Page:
Teenagers gathered one weekday evening at an old two-story building next to a housing project in a Yokohama suburb.

It had been nearly three years since volunteer worker Hideki Hayakawa and his staff, mainly college students, had opened the “multicultural studio,” extending support to local junior high and high school students with non-Japanese cultural backgrounds.

Kanagawa Prefecture is home to about one-third of the Indochinese who have settled in Japan since the late 1970s.

Around 20 percent of the more than 400 households in the Icho Danchi public housing complex are headed by foreigners or Japanese with overseas cultural backgrounds. These residents include Indochinese settlers, naturalized Japanese and the China-born offspring of so-called Japanese war orphans.

At Icho Junior High School, located in front of Hayakawa’s studio, the native language of 30 percent of the students is not Japanese.

The neighborhood does not feature many stores or much other evidence of the community’s multiethnic population.

Many of the students who visit the studio look no different from Japanese teens of their age, clad in similar clothes and talking into their cell phones in the same unique tone peculiar to the Japanese youth of today.

Although some of these students have only lived in Japan for a few years, they have apparently picked up spoken Japanese incredibly fast.

Despite this adaptability and efforts by public schools in the area to help international students, it is often difficult for these kids to understand classes in Japanese schools.

A 17-year-old girl who came to Japan two years ago was having trouble with her English homework. She found herself having to translate English sentences into Vietnamese before she could translate them into Japanese and write her answers in kanji.

Hayakawa always becomes increasingly anxious with the approach of the school entrance exam season in the early part of the year.

This year, Hayakawa and his staff successfully helped another Vietnamese girl pass a college entrance exam.

But even high school entrance exams represent a big hurdle for many of these children, Hayakawa said.

He estimated that fewer than 60 percent of Indochinese children in the Icho Danchi area go on to high school. “Some have already told me that they will not be taking the high school entrance exam next spring,” he said.

According to local residents, foreign children and those with non-Japanese backgrounds tend to stick together, feeling a divide between themselves and their Japanese counterparts, especially as they advance to higher grades.

The Icho Danchi residents’ council has organized an annual international festival and other community events since 1990 to help ties within the ethnically and culturally diverse community.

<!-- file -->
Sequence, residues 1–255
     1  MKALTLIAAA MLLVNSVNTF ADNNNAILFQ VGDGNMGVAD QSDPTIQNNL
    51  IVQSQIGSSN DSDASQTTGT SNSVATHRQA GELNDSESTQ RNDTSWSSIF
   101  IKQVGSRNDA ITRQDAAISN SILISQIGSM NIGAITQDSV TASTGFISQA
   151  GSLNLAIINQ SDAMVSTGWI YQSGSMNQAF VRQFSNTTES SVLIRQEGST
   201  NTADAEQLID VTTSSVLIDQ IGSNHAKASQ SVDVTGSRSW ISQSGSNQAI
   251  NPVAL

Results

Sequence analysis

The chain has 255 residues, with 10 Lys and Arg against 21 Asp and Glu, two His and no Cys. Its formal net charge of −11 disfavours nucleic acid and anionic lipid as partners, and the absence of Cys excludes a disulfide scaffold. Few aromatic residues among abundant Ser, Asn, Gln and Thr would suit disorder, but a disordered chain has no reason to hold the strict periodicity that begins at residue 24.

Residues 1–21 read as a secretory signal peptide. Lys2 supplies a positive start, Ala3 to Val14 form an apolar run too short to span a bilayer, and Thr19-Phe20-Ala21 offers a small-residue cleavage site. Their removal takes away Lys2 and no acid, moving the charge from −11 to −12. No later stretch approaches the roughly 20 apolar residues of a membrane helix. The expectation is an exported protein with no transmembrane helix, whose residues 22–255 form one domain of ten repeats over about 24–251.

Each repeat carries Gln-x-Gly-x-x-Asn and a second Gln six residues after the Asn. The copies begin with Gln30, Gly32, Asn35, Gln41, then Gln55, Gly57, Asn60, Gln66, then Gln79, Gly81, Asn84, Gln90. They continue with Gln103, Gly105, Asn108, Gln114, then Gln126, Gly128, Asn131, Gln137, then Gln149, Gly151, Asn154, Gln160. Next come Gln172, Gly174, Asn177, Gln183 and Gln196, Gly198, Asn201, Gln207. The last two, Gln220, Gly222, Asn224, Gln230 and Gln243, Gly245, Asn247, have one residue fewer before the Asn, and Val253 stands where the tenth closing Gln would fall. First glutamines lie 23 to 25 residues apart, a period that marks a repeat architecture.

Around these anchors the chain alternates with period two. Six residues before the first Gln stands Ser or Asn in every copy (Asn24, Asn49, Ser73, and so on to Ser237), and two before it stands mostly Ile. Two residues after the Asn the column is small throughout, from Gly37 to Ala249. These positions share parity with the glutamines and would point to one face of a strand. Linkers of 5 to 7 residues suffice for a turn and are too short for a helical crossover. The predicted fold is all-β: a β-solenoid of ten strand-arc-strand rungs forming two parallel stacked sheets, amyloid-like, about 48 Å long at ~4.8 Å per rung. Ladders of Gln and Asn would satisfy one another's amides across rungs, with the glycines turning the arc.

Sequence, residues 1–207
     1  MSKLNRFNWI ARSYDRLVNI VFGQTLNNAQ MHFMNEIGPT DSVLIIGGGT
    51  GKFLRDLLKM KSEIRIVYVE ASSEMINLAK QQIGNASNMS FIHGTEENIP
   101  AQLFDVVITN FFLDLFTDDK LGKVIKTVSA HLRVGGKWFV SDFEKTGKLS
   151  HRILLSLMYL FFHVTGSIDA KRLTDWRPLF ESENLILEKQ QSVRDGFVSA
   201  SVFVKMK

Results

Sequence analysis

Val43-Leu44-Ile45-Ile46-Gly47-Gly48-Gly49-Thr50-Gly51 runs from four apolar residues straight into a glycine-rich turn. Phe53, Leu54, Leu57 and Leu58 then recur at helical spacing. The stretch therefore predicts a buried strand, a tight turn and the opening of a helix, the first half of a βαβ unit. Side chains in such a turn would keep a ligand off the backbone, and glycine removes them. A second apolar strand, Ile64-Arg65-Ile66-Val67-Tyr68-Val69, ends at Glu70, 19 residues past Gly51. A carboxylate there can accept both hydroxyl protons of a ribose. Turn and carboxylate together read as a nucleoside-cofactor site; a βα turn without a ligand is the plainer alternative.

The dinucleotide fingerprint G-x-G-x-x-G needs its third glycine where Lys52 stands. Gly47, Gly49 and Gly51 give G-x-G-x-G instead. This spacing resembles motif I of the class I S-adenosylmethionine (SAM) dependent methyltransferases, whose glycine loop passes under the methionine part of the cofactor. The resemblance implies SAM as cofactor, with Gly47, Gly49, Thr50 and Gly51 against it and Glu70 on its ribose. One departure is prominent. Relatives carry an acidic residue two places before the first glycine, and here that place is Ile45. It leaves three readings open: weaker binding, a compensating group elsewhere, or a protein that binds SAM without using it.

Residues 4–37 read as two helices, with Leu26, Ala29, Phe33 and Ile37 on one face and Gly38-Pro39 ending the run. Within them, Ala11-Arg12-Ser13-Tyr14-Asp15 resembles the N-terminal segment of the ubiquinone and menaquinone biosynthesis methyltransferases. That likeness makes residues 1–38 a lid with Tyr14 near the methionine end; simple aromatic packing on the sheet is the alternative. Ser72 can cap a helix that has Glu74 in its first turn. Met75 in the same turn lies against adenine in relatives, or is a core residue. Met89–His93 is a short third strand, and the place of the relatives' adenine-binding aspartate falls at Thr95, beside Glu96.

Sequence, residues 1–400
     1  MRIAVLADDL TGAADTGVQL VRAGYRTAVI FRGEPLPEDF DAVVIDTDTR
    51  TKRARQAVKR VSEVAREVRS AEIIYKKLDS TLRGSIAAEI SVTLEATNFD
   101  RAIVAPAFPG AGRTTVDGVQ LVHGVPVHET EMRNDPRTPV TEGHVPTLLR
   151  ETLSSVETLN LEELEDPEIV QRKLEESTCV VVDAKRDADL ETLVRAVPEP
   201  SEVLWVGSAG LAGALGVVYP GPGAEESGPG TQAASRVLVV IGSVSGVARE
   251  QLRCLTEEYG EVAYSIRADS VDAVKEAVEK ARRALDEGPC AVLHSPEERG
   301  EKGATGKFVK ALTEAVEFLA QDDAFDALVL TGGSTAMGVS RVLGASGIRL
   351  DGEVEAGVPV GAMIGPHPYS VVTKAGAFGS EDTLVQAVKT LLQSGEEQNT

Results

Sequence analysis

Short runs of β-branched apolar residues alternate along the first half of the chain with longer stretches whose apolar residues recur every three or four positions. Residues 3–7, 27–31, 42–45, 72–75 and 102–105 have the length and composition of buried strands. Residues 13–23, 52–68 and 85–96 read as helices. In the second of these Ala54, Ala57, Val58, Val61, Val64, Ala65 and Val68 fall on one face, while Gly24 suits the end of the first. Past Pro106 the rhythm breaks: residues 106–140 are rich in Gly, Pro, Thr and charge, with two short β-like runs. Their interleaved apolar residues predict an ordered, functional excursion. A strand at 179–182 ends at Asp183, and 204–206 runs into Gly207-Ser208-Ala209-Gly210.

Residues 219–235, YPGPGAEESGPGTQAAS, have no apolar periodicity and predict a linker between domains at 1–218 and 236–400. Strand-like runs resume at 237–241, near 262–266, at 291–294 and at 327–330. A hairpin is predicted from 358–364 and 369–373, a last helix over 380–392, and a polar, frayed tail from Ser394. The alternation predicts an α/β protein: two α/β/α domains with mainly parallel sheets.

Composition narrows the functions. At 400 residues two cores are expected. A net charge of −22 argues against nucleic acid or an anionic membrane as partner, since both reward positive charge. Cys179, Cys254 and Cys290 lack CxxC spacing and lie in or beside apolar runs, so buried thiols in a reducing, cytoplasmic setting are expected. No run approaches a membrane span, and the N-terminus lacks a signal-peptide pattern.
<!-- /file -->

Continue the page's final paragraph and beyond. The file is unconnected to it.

The bullying of foreign children at school prompted community leaders to organize mutual understanding opportunities, said Toshie Sakamoto, who serves as the council’s director.

Some Japanese residents also continue to complain about their foreign neighbors, including accusations that they hold noisy late-night parties.

Hayakawa said he would like to offer the children a place in which they can get help with their studies and feel at home and relaxed with big “brothers” and “sisters.” Indeed, some teenagers drop by the studio just to chat with Hayakawa and young staff members about school, the future and romance.

The place may also serve to shield some youngsters from temptation and danger.

Street confrontations between groups of foreign and Japanese boys sometimes develop into serious fights. Several Vietnamese residents said they are concerned with illegal drug use by some of the neighborhood’s youths.

Some of the non-Japanese children born or raised in Japan also face an identity crisis, according to Pham Dinh Son, a Vietnamese pastor.

Son left his country on a boat in 1981, braving a huge storm on his desperate voyage to Japan. “We did it just to eat and live, although we knew we only had a 5 percent chance of escaping (Vietnam) alive at best.”

But the children of people such as Son who have spent most of their lives in Japan are sometimes indifferent to the hardships their parents endured.

“They grow up in Japan as Japanese, but the society always treats them as foreigners,” Son said.

In fact, children born in Japan to Vietnamese settlers are not officially classed as Japanese or Vietnamese nationals, unless they choose to become naturalized Japanese. In practice, however, they are unofficially dealt with in Japan as “Vietnamese nationals.”

A Vietnamese woman in her 30s, who came to Japan at age 11 and is now working for a local government, said she feels a sense of separation from her younger brothers, who were mainly raised in Japan.

“I know how much hardships my parents had to overcome as refugees, and I know I have to work much harder than Japanese do because I am a foreigner,” she said. “But my younger brothers don’t understand that.”

Some children won’t even touch the Vietnamese food their parents prepare at home, Son said, adding that he regrets that many kids use their Japanese names in an effort to obscure their ethnic origins, even though they are not naturalized Japanese.

“Although they may say they are Japanese, even though their parents are Vietnamese, I do not feel they really identify themselves as Japanese from the bottom of their hearts.”

Son is now preparing a program to send Vietnamese children raised in Japan for a monthlong home-stay in Vietnam. He said he has already brought three Vietnamese seminary students to Yokohama to train them as staff for the project, which he aims to launch next year.

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